For example David wants a higher banking tax, a high pay commission, a mansion tax and so on. Where he has set out a different stall is a] his more middle-ground rhetoric, b] his refusal to promise to joining anti-cuts rallies c] his refusal to apologise for Iraq d] his more firm commitment to Alistair Darling’s deficit reduction programme and e] his sticking to New Labour’s (not very liberal) policies on CCTV, ID cards and so on.

Both brothers are committed to the central principles of union rights, a distributive tax system and a fiscal tightening which falls far short of the coalition’s plan.
Further UPDATE (3pm): Friends of Ed Miliband point out that he doesn’t back his brother’s mansion tax nor his tax on private schooling."

so is David in fact to the left of Ed on policy?
i've been thinking for a while that i went for the wrong Miliband.

a mate of mine and i were discussing this over beer the other day and he's worried that Ed M could be characterised as Red Ed. i've heard people talking about him as a Benn-ite, which is rubbish but the fact people are talking about it is worrying from a truth point of view

doing the coalitions bidding

Sadly, for the first time today i saw, i'm sure well-meaning people, taking the heat of the government and blaming innocents for the government's cuts.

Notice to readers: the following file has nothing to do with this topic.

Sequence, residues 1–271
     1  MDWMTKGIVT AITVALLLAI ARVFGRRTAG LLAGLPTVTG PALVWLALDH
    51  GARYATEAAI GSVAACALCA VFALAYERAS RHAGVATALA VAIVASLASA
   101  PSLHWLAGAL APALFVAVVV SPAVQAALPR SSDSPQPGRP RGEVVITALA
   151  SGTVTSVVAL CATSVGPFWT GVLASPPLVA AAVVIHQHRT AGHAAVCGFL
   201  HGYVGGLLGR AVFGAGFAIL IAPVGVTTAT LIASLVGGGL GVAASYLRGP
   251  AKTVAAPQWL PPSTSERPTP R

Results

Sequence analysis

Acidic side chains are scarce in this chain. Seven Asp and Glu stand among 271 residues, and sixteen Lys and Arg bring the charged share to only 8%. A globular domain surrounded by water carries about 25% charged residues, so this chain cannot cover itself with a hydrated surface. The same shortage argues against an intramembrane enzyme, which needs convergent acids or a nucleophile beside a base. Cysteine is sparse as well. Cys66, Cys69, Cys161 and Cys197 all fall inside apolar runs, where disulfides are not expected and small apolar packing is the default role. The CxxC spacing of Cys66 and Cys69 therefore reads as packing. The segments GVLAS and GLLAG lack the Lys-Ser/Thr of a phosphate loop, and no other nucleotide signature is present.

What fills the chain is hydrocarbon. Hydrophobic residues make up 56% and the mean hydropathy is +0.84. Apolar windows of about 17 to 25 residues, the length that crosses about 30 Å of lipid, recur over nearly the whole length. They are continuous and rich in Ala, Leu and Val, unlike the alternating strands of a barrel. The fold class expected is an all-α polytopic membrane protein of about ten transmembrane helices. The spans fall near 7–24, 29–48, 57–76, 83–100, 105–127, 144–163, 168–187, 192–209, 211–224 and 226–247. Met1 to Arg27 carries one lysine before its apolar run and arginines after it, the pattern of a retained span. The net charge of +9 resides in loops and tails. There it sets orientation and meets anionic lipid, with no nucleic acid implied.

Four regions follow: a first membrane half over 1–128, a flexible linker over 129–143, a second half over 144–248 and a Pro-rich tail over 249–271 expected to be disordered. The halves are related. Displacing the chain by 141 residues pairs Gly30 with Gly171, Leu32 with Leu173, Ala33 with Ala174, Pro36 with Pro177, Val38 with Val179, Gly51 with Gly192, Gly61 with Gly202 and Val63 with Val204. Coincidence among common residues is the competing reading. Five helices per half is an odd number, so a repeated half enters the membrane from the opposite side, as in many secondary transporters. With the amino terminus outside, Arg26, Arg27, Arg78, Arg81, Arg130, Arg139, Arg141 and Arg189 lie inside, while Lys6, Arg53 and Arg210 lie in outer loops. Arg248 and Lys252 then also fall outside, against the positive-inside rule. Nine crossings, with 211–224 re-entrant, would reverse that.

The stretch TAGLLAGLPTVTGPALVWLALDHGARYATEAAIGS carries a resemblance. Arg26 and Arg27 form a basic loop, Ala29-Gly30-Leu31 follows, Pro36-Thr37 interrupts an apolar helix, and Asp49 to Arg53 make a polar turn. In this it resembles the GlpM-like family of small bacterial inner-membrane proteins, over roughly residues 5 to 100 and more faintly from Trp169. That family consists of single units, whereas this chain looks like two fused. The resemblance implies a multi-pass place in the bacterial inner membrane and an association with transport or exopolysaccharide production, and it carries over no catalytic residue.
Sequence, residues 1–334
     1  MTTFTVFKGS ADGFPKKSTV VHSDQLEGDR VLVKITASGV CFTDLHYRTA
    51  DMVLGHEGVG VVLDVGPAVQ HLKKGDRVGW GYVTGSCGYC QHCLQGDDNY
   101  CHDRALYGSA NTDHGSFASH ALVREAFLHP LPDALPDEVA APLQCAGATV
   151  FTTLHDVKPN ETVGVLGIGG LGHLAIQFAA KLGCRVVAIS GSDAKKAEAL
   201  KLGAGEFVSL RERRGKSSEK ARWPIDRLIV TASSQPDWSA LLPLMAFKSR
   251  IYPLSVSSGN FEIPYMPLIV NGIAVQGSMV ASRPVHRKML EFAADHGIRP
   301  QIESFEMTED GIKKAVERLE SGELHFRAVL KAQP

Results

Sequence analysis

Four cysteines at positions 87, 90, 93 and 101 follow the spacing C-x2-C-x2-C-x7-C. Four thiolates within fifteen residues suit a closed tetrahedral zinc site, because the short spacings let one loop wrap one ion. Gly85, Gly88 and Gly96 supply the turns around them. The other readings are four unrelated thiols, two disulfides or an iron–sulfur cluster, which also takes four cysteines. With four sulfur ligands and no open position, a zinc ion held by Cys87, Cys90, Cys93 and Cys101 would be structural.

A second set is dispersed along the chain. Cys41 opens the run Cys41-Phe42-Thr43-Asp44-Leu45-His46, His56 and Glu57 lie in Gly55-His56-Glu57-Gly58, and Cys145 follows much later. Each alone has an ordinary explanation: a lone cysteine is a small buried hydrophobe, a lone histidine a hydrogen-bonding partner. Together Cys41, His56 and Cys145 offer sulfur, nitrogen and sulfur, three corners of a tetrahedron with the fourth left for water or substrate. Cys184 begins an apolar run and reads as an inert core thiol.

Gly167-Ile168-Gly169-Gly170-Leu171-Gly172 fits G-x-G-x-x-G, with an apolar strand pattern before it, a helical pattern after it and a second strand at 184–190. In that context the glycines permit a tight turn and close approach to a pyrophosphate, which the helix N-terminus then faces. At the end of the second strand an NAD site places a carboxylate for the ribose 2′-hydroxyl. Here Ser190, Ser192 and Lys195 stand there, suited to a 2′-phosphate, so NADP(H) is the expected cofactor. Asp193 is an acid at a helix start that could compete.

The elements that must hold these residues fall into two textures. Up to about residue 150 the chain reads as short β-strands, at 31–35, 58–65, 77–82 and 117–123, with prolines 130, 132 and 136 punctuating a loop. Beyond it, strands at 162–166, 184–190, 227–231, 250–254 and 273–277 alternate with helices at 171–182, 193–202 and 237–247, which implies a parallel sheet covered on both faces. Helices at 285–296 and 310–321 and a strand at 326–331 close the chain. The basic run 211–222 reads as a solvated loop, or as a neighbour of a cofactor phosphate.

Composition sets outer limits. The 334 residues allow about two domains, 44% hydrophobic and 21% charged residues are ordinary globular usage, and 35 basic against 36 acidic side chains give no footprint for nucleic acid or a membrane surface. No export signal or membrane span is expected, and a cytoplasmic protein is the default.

there has been a lot of noise around New Cross recently about the possible closure of the library. Now, i've spoken to a mate who is on the council and the situation is that the government has handed down cuts of around 25%. as a result, the council MUST look at ALL and ANY possibilities to make the necessary savings. So i blame the central government for cuts to the budget. but there is a banner near my house accusing the local mayor personally of trying to close the library, no mention of anyone else.
this to me is taking the heat off the government and placing it on innocents, and to me that's not right. it is, after all, the central government's fault for their cuts, not the local council's for having to make the decisions on the front line.
and round here the banner is far more likely to have been put up by the socialist party than anyone further right. if that's the case, it's Socialists defending the Tories (and tory Lib Dems) and attacking Labour. wouldn't surprise me, to be fair, but they are missing their target whoever they are

Wednesday, 15 September 2010


Once again i am back job hunting. The vast majority of jobs i see are administration ones in the private sector. Now, this strike me because the government has set it's stall out to rid us of public sector administrators. But if the private sector can't survive without them, why can the public sector?

Friday, 10 September 2010

Balls on Blair on the deficit